One of my new philosophies has to do with having the tools you need to achieve the results you want. Can I weave tapestries with a picture frame? Yes, but I will not like the process or the results. Given that I have decided to invest in a couple of tools to make my crafting life a bit easier and my results a bit better. Before I get to the actual reviews, a disclaimer, I am in no way affiliated with any of the products below. I purchased them using my own funds, I am not making any profit from these reviews/products.
Recently I have decided to up my knitting and crochet game. I have started with socks, but I hope to progress to garments like cardigans, shawls, and sweaters soon. Learning Tunisian Crochet, filet crochet, and lace knitting are also on my list of projects to work on. With fitted garments gauge is extremely important. To this end I have invested in the Akerworks Swatch Gauge, but I went all out and invested in the knitting tool kit.
This includes, tape measure, scissors, two darning needles, knitting needle measuring tool, locking stitch markers, and various magnets across the back in addition to the gauge swatch tool. Essentially this is everything that I would need to knit or crochet on the go in one compact tool.
The stitch gauge has the numbers engraved on the side that is facing down toward the fabric, but they are engraved backwards so when the tool is being used the numbers show in the right direction, but there is no real explanation as to what the numbers are. Going horizontally across the top there are the numbers 1-4 and under the horizontal line are the numbers 1-10. Comparison with a ruler proves that 1-4 measures inches while 1-10 measures centimeters.
The tape measure can be slid out of the compartment that houses it, but can also be easily used from its nest in the tool. The scissors have comfortable finger holes as well as proving themselves quite sharp when put to the test against yarn. The darning needles in addition to the stitch markers are standard but since they are metal they stay where the magnets put them quite easily.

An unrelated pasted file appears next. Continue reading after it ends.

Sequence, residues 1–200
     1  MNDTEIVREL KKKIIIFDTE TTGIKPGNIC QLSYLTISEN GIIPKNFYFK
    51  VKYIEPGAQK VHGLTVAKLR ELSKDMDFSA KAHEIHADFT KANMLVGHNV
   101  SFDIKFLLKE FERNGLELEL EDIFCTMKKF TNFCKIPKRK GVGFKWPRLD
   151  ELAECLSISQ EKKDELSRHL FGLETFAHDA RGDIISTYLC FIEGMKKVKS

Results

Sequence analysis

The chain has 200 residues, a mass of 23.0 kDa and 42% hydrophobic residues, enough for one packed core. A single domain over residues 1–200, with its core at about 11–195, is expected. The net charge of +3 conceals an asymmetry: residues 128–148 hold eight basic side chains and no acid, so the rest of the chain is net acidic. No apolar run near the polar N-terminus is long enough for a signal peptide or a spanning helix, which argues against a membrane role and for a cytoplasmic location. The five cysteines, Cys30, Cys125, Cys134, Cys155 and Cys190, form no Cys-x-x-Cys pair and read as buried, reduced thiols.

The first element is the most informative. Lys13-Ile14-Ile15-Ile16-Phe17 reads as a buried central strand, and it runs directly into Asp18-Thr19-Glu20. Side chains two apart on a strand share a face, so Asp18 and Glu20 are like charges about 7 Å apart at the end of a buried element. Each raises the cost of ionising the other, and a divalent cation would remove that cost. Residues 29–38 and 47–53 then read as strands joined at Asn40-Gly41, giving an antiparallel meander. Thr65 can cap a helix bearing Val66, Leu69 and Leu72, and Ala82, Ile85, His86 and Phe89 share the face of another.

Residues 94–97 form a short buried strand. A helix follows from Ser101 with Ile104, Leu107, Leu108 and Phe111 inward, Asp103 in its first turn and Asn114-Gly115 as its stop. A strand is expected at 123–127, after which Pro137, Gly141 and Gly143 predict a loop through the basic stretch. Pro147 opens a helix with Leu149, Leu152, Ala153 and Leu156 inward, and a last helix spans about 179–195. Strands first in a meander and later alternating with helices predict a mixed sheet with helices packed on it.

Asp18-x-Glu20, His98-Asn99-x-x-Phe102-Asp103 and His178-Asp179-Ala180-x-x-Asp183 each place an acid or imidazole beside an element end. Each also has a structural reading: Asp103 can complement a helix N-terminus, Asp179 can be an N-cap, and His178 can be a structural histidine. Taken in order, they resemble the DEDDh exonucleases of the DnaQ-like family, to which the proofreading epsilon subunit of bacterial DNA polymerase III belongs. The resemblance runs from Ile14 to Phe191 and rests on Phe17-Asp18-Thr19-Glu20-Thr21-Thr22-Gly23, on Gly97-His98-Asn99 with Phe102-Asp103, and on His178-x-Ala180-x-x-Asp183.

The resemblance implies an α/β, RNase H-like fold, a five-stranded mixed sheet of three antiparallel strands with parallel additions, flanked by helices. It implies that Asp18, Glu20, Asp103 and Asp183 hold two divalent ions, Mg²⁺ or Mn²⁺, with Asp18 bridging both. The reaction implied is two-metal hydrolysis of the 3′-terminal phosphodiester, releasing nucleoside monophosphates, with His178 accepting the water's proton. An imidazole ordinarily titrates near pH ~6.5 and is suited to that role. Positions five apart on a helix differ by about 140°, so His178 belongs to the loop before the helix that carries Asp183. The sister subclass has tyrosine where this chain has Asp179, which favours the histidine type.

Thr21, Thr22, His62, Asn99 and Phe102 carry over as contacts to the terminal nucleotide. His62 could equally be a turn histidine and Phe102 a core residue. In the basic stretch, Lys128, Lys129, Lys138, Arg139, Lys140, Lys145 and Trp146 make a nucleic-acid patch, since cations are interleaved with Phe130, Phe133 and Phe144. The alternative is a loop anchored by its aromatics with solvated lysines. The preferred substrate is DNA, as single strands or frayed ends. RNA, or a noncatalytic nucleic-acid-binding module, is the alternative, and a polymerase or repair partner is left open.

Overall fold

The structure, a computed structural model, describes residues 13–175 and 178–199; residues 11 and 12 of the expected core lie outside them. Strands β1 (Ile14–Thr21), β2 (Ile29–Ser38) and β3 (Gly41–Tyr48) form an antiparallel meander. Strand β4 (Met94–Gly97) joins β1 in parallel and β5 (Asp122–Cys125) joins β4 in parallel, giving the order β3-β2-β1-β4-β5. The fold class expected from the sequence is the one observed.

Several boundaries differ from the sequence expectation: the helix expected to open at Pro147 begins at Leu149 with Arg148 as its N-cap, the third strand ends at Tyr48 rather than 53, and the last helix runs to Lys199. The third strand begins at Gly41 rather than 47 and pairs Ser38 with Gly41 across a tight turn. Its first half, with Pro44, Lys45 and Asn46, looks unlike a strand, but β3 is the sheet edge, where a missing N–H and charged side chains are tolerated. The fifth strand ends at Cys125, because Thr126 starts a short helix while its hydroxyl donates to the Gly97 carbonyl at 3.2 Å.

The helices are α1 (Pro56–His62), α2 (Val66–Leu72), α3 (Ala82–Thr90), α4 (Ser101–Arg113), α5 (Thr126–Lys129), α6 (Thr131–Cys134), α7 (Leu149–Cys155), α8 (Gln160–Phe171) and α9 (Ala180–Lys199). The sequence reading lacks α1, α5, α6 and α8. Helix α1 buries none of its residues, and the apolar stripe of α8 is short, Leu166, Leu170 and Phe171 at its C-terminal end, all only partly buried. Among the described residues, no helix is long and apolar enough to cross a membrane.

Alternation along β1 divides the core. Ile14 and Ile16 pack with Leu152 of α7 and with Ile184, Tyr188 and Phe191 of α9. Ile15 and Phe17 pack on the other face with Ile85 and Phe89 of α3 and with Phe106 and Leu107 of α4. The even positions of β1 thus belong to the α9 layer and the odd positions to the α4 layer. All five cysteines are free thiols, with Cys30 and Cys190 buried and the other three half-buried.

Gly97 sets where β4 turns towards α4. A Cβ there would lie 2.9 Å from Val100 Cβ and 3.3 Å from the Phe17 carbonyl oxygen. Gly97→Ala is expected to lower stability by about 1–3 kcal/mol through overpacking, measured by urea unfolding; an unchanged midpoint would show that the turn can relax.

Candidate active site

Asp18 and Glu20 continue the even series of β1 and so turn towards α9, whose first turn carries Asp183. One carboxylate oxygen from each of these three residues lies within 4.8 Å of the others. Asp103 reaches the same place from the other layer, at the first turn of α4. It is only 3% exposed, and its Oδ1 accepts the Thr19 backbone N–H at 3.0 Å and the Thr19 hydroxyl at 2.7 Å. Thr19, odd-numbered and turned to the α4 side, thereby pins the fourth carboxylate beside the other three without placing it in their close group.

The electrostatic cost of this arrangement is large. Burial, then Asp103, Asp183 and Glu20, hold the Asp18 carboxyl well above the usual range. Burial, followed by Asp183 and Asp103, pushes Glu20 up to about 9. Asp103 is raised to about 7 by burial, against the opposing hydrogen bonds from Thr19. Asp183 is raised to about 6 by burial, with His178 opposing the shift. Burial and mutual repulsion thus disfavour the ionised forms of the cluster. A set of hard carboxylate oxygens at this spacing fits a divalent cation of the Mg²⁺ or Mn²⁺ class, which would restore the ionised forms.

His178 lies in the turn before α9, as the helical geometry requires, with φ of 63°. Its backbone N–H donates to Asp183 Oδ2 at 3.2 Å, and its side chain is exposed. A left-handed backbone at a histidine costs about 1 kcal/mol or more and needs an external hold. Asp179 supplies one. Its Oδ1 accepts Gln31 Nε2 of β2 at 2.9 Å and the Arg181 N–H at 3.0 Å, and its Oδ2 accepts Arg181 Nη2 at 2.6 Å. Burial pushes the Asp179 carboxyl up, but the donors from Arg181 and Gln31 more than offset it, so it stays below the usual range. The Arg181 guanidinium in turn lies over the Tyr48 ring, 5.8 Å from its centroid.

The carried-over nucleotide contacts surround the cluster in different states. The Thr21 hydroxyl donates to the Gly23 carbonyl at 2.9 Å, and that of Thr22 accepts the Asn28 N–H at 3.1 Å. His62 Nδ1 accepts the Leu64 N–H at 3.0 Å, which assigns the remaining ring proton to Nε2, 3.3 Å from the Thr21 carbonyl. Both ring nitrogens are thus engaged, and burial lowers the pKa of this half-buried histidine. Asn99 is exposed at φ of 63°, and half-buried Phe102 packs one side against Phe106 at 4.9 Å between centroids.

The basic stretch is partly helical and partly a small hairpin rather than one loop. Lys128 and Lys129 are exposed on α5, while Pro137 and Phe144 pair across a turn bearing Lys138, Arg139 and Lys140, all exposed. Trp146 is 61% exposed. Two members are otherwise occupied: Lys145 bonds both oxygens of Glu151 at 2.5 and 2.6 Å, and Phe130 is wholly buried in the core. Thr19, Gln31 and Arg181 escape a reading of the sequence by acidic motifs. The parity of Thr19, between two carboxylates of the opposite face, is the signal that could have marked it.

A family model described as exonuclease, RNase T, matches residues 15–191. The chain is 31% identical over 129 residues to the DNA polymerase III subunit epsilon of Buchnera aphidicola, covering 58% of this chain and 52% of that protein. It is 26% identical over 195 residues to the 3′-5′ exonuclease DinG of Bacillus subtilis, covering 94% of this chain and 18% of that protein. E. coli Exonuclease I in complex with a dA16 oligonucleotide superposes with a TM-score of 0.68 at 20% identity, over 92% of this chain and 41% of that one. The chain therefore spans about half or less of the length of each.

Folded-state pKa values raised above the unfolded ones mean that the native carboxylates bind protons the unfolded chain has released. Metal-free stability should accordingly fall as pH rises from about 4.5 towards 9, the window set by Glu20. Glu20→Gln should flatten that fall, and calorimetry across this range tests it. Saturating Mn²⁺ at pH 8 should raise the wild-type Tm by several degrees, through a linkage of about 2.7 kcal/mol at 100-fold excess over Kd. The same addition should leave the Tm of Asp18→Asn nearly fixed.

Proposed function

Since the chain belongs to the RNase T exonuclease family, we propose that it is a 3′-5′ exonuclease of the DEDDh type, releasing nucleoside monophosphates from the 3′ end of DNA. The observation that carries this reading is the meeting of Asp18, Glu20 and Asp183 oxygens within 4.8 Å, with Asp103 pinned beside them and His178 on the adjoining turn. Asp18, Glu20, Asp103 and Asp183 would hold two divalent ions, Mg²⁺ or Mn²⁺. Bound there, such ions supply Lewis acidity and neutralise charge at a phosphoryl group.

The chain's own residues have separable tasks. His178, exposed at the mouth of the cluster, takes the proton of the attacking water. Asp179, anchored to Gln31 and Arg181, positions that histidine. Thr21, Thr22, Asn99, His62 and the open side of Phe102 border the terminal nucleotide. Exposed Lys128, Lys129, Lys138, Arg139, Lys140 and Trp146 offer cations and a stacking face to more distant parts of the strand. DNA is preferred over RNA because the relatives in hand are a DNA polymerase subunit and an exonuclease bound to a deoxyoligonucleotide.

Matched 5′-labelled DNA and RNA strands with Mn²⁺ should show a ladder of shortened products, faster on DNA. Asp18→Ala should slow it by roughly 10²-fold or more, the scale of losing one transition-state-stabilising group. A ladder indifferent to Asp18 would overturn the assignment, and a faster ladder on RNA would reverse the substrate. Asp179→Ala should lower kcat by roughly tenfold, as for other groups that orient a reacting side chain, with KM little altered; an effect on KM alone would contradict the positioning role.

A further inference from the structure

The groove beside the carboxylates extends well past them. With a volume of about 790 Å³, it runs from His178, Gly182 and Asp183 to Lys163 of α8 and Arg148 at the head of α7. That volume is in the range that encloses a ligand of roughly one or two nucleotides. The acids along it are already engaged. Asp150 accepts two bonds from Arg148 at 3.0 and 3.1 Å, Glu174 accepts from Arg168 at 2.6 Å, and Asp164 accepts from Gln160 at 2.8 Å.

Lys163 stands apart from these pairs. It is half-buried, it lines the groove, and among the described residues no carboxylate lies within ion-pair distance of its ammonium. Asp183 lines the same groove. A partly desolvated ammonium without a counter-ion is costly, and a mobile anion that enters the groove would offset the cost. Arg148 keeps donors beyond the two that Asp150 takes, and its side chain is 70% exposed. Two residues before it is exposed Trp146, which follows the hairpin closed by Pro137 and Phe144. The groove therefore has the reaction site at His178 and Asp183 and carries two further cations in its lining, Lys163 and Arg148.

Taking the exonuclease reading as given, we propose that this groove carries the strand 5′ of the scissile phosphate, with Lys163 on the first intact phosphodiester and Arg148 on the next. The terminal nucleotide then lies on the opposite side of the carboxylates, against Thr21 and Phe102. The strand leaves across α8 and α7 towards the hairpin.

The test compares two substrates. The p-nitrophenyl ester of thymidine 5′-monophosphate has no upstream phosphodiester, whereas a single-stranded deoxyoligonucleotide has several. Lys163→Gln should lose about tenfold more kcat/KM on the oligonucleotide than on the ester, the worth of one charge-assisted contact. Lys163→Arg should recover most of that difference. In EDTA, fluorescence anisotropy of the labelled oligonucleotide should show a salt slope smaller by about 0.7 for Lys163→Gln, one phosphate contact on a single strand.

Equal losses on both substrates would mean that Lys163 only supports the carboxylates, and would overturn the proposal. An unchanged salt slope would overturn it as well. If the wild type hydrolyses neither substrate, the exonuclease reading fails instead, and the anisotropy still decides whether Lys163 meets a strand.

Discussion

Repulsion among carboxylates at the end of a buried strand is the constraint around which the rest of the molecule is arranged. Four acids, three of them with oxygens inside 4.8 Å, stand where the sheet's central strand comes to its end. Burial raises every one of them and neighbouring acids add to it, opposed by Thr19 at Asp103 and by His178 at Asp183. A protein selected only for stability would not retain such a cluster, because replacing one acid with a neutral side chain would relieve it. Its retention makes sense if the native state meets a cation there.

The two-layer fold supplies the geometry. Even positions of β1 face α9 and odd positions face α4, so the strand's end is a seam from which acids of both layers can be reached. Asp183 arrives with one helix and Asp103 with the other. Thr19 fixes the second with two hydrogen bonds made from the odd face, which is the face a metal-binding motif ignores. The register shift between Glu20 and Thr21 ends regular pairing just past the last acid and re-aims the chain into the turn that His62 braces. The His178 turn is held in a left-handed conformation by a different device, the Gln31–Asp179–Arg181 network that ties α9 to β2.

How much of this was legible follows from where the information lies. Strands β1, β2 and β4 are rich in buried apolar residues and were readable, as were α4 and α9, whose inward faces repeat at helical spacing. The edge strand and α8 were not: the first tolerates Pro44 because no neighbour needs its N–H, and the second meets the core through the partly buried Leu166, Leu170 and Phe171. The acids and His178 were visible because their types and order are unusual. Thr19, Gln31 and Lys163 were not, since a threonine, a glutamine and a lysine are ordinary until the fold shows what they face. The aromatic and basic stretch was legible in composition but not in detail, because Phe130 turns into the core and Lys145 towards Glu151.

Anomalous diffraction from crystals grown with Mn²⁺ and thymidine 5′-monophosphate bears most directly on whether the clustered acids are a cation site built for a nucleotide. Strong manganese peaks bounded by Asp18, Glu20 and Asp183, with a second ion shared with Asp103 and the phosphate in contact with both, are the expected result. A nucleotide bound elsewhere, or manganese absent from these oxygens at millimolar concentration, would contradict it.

When my studio is completed I believe that this will have a place stuck to the metal rack I intend to install. The swatch gauge will be just at home measuring picks per inch as it will stitches per inch.
I have been lusting after the Eszee twist tool for about 2 years now. Spinning is still my main passion, however all of the math tends to intimidate me. No longer! With the Eszee Twist tool I can measure the angle of twist, but more importantly I have a gauge which I can put my yarn on and have a fairly good idea of what the wraps per inch are going to be without making a mini skein of yarn. This kit comes with much more than just the measuring tool, it has a bookmark, knitting needle gauge, yarn tracker, in addition to a user guide that does double duty as an Everything You Need to Know to Get the Yarn You Want guide.
In addition to explaining what twist is, s twist, z twist, and angles of twist, this guide goes on to explain different yarn constructions such as 2 ply, 3 ply, Navajo plied, core spun, cables, worsted, and woolen. The part that I find most useful is the simple math needed to calculate what size your finished yarn will be. This simple formula was well worth the investment, but the guide and other tools provide everything you need to gain a deeper understanding of yarn construction.
Yes, they are stitch markers. Actually what they are is a charm bracelet I purchased through amazon and repurposed using some split rings and lobster clasps. I just love the BBC production of Sherlock (except the last season and I HATE Mary) so I wanted stitch markers that reflected me. However, I did not want to spend $5 for one to three stitch markers that really had little to do with Sherlock. So I found a charm bracelet, there were 20 charms on it, a little manipulation, and I have 20 stitch markers that I thoroughly enjoy. Since I made the entire batch in less than an hour I can certainly see the appeal in buying up a lot of charms and making these by the hundreds. I wonder if I can recoup some of my yarn/fiber expenses by starting a stitch marker business?